#FacebookBlackout: How Activists are Defending Democracy by Logging Off

“We believe in free speech, as well as the value of truth in safeguarding our democracy,” the #FacebookBlackout creators explain to founder Mark Zuckerberg in the open letter on their campaign website. “We understand your reluctance to police political speech, and agree with you that our government is ultimately responsible for setting the standards for political advertising for the common good. However, we believe your position allowing amoral politicians—and the shadowy forces who support them—to lie without consequence is untenable, and frankly, un-American.”

“Our ask is simple,” they assert later. “Transparency.” And until they get it, those activists aren’t logging on.

(neON Brand / Unsplash)

The #FacebookBlackout campaign is calling for a 48-hour Facebook blackout beginning on December 9, 2019—International Anti-Corruption Day. (Ms. will be participating, eschewing Facebook and all its subsidiaries in protest of the company’s actions.)

The campaign was spurred on by Facebook’s decision in October to amend its political advertising policy—exempting politicians from Facebook’s community standards and fact-checking in the name of free speech and instead agreeing to run any political ad, even ones containing blatant lies, that were paid for by politicians.

Daniel G. Newman, president of the nonpartisan democracy organization MapLight, predicted that Facebook’s decision would make it “the most powerful propaganda amplifier in history, boosting campaigns that traffic in falsehoods.”

Zuckerberg didn’t seem to mind. “We care about our country and want to work our government to do good things,” he was heard saying in response to critiques of the decision in a leaked audio recording. “But look, at the end of the day, if someone’s going to try to threaten something that existential, you go to the mat and you fight.”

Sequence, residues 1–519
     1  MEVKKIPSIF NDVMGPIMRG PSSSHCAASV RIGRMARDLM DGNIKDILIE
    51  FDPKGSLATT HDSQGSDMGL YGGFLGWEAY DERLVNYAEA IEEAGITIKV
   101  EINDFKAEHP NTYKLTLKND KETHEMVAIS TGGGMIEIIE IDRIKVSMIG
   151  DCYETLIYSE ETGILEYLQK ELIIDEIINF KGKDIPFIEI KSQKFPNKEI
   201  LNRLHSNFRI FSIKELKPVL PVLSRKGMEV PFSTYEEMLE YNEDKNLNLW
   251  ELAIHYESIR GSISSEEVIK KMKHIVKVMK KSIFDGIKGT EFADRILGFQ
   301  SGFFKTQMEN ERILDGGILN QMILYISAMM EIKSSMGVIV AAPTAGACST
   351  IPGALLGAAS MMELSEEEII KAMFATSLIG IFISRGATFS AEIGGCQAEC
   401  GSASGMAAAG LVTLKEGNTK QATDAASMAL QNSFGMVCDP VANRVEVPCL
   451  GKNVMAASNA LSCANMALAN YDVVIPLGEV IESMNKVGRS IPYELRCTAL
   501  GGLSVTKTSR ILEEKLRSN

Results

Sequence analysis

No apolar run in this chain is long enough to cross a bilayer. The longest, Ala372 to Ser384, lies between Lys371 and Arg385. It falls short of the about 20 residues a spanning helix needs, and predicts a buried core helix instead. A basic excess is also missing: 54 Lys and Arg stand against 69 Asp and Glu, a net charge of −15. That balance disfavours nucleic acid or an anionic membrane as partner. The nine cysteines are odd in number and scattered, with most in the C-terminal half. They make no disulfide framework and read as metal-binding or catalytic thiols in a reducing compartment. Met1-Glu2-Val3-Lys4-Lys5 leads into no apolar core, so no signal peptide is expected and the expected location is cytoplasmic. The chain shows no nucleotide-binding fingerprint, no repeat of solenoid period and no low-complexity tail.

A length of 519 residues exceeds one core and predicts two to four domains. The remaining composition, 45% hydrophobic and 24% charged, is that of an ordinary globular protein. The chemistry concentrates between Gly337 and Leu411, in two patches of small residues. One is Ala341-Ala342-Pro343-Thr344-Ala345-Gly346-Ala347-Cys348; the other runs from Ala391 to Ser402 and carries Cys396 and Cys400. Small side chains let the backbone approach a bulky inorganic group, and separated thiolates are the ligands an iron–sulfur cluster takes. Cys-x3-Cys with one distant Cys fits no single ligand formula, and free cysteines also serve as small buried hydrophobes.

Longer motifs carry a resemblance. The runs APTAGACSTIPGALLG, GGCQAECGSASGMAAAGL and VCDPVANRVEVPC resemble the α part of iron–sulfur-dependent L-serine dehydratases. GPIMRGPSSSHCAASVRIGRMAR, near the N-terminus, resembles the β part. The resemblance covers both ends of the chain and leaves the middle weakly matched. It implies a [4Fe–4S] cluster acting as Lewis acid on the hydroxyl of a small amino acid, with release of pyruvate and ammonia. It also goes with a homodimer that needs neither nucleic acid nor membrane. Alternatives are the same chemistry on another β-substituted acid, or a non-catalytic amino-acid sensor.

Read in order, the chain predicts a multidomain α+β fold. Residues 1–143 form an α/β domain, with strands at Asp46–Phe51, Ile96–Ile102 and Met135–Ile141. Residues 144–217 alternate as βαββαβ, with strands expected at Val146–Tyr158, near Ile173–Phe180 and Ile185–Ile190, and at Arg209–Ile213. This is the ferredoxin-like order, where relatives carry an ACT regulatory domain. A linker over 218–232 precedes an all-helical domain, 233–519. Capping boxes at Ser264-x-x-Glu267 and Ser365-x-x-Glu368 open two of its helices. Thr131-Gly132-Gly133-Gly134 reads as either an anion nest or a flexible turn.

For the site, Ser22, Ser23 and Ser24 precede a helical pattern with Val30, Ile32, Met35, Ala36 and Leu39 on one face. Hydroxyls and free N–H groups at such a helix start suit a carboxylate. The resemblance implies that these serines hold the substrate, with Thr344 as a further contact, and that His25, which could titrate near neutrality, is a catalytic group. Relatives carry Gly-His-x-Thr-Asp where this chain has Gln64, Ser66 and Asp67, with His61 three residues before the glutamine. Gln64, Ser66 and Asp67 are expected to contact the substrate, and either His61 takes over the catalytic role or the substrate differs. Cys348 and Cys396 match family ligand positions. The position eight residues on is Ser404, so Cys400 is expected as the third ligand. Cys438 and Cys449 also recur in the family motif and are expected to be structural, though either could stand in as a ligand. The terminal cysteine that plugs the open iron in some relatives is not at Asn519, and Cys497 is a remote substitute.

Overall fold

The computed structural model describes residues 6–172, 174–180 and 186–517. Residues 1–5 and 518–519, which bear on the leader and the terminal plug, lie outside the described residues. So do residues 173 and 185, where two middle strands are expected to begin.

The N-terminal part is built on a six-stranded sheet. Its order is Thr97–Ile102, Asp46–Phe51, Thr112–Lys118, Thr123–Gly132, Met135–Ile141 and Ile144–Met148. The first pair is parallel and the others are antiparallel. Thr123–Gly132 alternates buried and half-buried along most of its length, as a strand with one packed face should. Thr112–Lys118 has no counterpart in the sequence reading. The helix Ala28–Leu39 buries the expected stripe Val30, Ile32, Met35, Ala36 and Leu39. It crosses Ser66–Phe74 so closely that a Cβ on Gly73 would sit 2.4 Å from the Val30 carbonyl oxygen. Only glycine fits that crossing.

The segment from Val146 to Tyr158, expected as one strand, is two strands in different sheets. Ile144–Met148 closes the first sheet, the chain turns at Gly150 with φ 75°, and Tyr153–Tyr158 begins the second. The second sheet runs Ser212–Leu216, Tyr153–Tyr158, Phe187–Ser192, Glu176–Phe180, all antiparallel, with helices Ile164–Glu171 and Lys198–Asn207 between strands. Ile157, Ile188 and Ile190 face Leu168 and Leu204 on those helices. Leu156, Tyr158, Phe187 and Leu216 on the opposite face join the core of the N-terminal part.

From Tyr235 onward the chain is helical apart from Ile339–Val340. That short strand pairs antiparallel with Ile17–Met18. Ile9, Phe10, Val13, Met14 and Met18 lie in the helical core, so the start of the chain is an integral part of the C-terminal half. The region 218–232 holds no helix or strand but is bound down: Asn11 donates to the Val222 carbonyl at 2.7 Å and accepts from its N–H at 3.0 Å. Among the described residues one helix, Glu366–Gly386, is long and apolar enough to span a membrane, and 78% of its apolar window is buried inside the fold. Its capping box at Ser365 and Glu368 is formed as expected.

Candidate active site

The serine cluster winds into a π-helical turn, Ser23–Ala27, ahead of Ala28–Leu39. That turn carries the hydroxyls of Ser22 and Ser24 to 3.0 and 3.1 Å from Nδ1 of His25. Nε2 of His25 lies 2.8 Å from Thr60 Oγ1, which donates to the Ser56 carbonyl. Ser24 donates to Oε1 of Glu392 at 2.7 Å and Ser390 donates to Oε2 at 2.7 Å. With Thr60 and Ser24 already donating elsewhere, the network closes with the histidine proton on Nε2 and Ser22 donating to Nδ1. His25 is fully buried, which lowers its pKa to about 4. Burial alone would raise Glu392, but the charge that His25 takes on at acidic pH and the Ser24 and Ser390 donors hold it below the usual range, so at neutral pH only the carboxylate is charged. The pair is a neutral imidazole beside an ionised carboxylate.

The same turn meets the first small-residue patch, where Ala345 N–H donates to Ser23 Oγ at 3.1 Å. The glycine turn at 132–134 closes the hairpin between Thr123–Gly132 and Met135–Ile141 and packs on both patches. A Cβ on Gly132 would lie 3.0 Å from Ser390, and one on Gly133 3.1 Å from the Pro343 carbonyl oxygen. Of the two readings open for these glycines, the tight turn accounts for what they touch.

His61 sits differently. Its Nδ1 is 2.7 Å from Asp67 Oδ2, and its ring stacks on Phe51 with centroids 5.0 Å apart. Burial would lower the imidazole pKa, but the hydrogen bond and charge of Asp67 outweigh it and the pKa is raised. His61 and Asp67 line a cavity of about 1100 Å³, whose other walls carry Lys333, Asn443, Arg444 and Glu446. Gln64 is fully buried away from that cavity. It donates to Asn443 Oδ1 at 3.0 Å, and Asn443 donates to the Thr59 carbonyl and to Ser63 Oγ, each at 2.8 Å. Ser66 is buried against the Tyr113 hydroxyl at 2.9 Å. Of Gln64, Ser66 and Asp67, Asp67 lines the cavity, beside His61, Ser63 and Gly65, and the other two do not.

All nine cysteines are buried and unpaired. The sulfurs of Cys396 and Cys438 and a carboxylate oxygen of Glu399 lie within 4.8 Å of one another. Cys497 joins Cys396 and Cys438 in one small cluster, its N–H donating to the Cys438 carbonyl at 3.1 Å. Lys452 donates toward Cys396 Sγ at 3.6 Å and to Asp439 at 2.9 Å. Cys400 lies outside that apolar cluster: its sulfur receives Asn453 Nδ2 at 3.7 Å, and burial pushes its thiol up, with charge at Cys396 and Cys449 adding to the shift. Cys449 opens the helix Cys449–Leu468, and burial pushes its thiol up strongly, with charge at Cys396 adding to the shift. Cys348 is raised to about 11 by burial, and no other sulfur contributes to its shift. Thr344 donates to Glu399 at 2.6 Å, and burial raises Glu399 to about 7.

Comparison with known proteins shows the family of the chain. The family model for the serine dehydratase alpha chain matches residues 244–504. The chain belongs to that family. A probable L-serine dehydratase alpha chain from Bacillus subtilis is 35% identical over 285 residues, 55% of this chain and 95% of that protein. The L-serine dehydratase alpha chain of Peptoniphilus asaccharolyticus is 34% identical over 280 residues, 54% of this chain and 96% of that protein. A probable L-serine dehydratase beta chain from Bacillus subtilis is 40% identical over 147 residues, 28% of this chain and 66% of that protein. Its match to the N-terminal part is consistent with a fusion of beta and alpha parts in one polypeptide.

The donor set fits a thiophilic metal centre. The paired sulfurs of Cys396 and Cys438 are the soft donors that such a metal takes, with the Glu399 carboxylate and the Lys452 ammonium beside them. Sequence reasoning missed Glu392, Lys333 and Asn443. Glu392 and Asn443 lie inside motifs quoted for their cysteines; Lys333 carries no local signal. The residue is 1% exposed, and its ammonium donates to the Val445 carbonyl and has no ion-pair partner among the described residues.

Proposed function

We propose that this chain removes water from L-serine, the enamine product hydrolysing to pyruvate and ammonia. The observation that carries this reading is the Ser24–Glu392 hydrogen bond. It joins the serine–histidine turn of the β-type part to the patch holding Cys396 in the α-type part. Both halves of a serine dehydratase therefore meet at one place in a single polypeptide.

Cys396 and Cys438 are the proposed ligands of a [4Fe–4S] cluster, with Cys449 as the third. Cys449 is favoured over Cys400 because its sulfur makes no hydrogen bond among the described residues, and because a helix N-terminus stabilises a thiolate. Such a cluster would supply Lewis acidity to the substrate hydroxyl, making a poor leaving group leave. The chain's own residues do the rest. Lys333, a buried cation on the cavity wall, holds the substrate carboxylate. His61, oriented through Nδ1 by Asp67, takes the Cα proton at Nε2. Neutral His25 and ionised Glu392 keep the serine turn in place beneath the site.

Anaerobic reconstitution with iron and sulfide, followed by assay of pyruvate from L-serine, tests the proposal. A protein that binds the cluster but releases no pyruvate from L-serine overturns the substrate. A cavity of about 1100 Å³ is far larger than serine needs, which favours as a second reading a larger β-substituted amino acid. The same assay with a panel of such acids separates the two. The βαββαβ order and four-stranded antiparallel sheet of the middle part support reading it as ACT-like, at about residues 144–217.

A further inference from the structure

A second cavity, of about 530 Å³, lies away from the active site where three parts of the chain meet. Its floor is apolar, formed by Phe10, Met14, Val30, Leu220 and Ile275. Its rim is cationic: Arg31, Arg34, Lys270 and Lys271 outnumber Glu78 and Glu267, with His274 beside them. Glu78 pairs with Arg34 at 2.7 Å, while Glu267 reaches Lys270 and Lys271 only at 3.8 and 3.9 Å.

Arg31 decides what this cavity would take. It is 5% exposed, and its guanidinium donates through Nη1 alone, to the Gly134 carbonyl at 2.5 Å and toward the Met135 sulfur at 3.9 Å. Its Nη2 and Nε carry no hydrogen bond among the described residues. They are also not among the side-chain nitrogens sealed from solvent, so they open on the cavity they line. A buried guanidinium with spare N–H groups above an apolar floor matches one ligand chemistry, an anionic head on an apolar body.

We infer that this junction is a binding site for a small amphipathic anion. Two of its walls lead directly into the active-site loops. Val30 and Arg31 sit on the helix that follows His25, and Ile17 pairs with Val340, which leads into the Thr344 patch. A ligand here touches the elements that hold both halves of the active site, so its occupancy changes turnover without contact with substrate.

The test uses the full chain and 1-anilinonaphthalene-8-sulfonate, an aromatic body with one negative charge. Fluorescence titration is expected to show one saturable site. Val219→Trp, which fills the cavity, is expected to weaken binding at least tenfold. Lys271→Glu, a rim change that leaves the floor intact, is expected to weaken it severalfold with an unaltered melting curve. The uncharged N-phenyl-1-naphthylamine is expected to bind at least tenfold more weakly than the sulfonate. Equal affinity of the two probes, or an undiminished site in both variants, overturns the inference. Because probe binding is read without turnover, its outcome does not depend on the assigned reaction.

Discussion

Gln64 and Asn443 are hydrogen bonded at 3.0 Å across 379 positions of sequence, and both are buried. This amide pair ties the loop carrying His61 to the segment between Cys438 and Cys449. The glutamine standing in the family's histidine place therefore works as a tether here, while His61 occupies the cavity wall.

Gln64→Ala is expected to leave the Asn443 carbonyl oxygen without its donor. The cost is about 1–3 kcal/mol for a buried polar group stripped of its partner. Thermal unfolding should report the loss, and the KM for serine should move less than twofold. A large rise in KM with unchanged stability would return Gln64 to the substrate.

The decision was critical in the current landscape, because these new lax guidelines give the President carte blanche to say whatever is necessary to shape his narrative—regardless if they are true.

Since September, the Trump campaign has reportedly spent about $1.6 million on Facebook posts attack the ongoing democratic inquiry into impeachment. In fact, the investigation into possible wrongdoing by the president is the campaign’s most expensive topic, other than Trump himself. But Facebook has always been central to Trump’s campaign.

“I understood early that Facebook was how Donald Trump was going to win,” Brad Parscale, Trump’s 2020 re-election campaign manager, told 60 Minutes. “I think Donald Trump won, but I think Facebook was the method, it was the highway in which his car drove on.”

That’s why activists are rising up next week to demand more accountability from the social media platform, which has already faced Congressional inquiry and widespread criticism for playing a role, however unwitting, in the attempts by foreign agents to sway the results of the 2016 elections. “We call on all citizens of this country, and everyone globally who is repulsed by authoritarianism, to stand with us,” the #FacebookBlackout open letter concludes. “Stand with truth.”

With the 2020 presidential campaigns now underway, calling for Zuckerberg to monitor the website more carefully couldn’t be more critical. Sarah Nicholas, who spearheaded the campaign alongside her son, told Ms. that she sees the blackout as also an inherently feminist act.

“Mark Zuckerberg’s unwillingness to confront the President’s malicious ads, from a man who has done everything in his power to set women back,” she explained, “is an affront to all women.”


Jonathan Chang is an editorial intern at Ms.